$     £     £     £     £     £  
     (In millions, except for per share amounts)  

Consolidated Income Statement data

            

Sales

     4,654       3,397       3,869       4,129       4,513       4,552  

Operating profit/(loss)

     563       411       275       553       451       (2,497

Profit/(loss) after taxation from continuing operations

     425       310       266       590       408       (2,335

Profit/(loss) for the financial year

     425       310       266       590       408       (2,335

Consolidated Earnings data per share

            

Basic earnings/(loss) per equity share(1)

     56.2¢       41p       34.0p       75.6p       49.9p       (286.8)p  

Diluted earnings/(loss) per equity share(2)

     56.2¢       41p       34.0p       75.5p       49.9p       (286.8)p  

Basic earnings/(loss) from continuing operations per equity share(1)

     56.2¢       41p       34.0p       75.6p       49.9p       (286.8)p  

Diluted earnings/(loss) from continuing operations per equity share(2)

     56.2¢       41p       34.0p       75.5p       49.9p       (286.8)p  

Dividends per ordinary share

     18.5¢       13.5p       19.5p       18.5p       17.0p       52.0p  

Consolidated Balance Sheet data at period end

            

Total assets (non-current assets plus current assets)

     10,213       7,455       7,650       7,905       7,888       10,066  

Net assets

     5,664       4,134       4,323       4,525       4,021       4,348  

Long-term obligations(3)

     (2,297     (1,677     (1,835     (1,246     (1,662     (3,794

Capital stock

     258       188       195       195       200       205  

Number of equity shares outstanding (millions of ordinary shares)

     753       753       782       781       802       822  

 

Notes:

(1)

Basic earnings per equity share is based on profit for the financial period and the weighted average number of ordinary shares in issue during the period.

(2)

Diluted earnings per equity share is based on diluted earnings for the financial period and the diluted weighted average number of ordinary shares in issue during the period. Diluted earnings comprise earnings adjusted for the tax benefit on the conversion of share options by employees and the weighted average number of ordinary shares adjusted for the dilutive effect of share options. There is no dilution in 2016 due to there being a loss from continuing operations.

(3)

Long-term obligations comprise any liabilities with a maturity of more than one year, including medium and long-term borrowings, derivative financial instruments, pension obligations, deferred income and tax liabilities.

Dividend information

The Group pays dividends to holders of ordinary shares on dates that are fixed in accordance with the guidelines of the London Stock Exchange. The board of directors normally declares an interim dividend in July or August of each year to be paid in September or October. The board of directors normally recommends a final dividend following the end of the fiscal year to which it relates, to be paid in the following May or June, subject to shareholders’ approval at the annual general meeting. At the Group’s annual general meeting on April 30, 2021 shareholders will be asked to approve a final dividend of 13.5p per ordinary share for the year ended December 31, 2020.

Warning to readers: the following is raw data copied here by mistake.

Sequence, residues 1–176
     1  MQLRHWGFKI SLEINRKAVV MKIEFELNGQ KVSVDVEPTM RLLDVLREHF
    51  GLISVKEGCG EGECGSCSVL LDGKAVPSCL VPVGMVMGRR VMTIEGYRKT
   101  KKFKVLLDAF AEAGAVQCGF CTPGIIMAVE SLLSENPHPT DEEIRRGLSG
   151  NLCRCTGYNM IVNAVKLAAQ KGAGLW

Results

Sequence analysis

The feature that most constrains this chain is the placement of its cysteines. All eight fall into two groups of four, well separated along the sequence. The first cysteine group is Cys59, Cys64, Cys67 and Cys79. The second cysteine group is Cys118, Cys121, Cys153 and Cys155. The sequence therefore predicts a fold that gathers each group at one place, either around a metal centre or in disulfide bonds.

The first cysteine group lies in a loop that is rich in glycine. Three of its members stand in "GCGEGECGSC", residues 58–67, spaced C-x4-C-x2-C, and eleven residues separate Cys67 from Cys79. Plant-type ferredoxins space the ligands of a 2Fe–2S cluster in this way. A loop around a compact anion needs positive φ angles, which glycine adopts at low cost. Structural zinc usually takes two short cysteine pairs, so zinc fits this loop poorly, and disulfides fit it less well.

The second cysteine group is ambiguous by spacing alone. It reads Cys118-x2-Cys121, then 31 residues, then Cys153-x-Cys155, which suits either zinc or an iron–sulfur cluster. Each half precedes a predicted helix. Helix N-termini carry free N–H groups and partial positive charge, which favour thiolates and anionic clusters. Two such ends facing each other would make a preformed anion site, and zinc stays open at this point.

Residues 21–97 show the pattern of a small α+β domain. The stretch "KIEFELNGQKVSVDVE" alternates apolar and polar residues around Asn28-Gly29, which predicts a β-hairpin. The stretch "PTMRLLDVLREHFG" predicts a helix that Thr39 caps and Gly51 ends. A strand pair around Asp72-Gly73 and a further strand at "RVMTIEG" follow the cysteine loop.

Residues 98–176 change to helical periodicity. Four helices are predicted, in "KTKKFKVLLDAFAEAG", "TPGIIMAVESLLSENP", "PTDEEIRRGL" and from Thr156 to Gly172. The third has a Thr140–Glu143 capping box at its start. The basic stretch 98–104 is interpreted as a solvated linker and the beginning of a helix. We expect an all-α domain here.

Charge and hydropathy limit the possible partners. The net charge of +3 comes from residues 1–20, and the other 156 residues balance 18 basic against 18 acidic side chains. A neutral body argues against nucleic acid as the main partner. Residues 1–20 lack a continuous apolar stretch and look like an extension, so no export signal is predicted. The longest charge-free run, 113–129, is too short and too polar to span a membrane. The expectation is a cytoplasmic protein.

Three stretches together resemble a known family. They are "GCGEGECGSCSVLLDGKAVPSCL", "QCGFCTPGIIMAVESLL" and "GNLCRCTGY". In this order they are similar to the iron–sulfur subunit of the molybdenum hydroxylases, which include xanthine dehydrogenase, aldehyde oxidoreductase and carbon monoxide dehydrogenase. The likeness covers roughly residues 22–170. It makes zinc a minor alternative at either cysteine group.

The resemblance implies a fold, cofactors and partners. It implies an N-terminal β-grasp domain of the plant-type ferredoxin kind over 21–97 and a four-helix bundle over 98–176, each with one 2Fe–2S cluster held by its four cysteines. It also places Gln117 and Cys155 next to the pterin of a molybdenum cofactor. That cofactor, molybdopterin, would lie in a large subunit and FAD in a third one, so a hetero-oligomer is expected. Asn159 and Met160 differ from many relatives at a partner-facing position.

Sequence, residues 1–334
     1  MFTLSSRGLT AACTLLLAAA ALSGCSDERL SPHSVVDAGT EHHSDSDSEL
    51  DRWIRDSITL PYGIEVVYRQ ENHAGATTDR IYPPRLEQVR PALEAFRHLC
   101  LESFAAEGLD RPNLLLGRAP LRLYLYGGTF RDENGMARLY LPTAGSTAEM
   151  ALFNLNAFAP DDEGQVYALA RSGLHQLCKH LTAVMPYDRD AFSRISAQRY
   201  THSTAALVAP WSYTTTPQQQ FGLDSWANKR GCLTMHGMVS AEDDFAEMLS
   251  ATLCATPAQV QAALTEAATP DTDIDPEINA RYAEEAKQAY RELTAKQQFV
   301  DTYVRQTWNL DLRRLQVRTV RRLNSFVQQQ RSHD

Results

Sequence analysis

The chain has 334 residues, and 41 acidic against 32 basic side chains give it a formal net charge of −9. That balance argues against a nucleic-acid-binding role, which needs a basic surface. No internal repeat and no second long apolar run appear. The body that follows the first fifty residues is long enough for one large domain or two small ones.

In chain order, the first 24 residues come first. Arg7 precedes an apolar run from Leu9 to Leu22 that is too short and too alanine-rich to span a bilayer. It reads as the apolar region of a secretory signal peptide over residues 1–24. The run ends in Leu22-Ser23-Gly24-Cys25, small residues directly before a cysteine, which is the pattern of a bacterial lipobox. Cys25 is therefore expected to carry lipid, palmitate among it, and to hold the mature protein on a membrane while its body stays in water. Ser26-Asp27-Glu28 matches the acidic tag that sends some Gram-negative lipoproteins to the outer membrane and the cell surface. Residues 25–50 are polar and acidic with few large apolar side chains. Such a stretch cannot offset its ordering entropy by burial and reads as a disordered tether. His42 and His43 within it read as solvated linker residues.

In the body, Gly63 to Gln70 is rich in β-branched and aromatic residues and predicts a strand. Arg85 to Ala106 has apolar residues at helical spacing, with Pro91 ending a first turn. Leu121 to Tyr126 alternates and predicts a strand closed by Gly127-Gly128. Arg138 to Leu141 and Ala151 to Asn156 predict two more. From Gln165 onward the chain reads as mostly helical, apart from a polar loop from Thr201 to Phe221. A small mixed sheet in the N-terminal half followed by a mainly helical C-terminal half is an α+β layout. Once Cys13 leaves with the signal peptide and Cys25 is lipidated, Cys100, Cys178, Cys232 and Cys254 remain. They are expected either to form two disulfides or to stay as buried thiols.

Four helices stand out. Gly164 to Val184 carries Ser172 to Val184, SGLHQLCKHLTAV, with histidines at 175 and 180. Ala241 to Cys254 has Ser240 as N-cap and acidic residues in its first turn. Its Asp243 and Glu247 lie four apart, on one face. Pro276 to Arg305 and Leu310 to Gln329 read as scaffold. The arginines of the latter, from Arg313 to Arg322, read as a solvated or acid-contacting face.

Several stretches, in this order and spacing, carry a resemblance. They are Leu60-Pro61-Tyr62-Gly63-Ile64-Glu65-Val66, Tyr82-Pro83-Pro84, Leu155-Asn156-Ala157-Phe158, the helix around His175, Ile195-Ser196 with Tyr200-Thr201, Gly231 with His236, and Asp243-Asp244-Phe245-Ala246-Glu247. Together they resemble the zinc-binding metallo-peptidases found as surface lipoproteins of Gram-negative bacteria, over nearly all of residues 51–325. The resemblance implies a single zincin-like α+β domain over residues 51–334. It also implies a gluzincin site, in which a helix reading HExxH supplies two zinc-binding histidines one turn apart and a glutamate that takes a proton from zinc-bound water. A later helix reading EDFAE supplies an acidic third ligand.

The table below sets forth the amounts of interim, final and total dividends paid in respect of each fiscal year indicated and is translated into cents per ordinary share at the noon buying rate in The City of New York on

 

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each of the respective payment dates for interim and final dividends. The final dividend for the 2020 fiscal year will be paid on May 7, 2021 (subject to shareholder approval).

 

Fiscal year

   Interim      Final      Total      Interim      Final     Total  
     (Pence per ordinary share)      (Cents per ordinary share)  

2020

     6.0        13.5        19.5        7.7        18.5     26.2  

2019

     6.0        13.5        19.5        8.0        16.7       24.7  

2018

     5.5        13.0        18.5        7.2        16.9       24.1  

2017

     5.0        12.0        17.0        6.8        16.2       23.0  

2016

     18.0        34.0        52.0        23.6        43.8       67.4  

 

*

As the 2020 final dividend had not been paid by the filing date, the dividend has been translated into cents using the noon buying rate for sterling as at December 31, 2020.

Future dividends will be dependent on the Group’s future earnings, financial condition and cash flow, as well as other factors affecting the Group. The dividend was rebased in 2017 to reflect portfolio changes, increased product investment, and the outlook for 2017.

Risk Factors

You should carefully consider the risk factors described below, as well as the other information included in the rest of this document. The Group’s business, financial condition or results from operations could be materially adversely affected by any or all of these risks, or by other risks that it presently cannot identify.

Our business, results of operations and financial condition have been and could further be adversely affected by the effects of the global COVID-19 pandemic.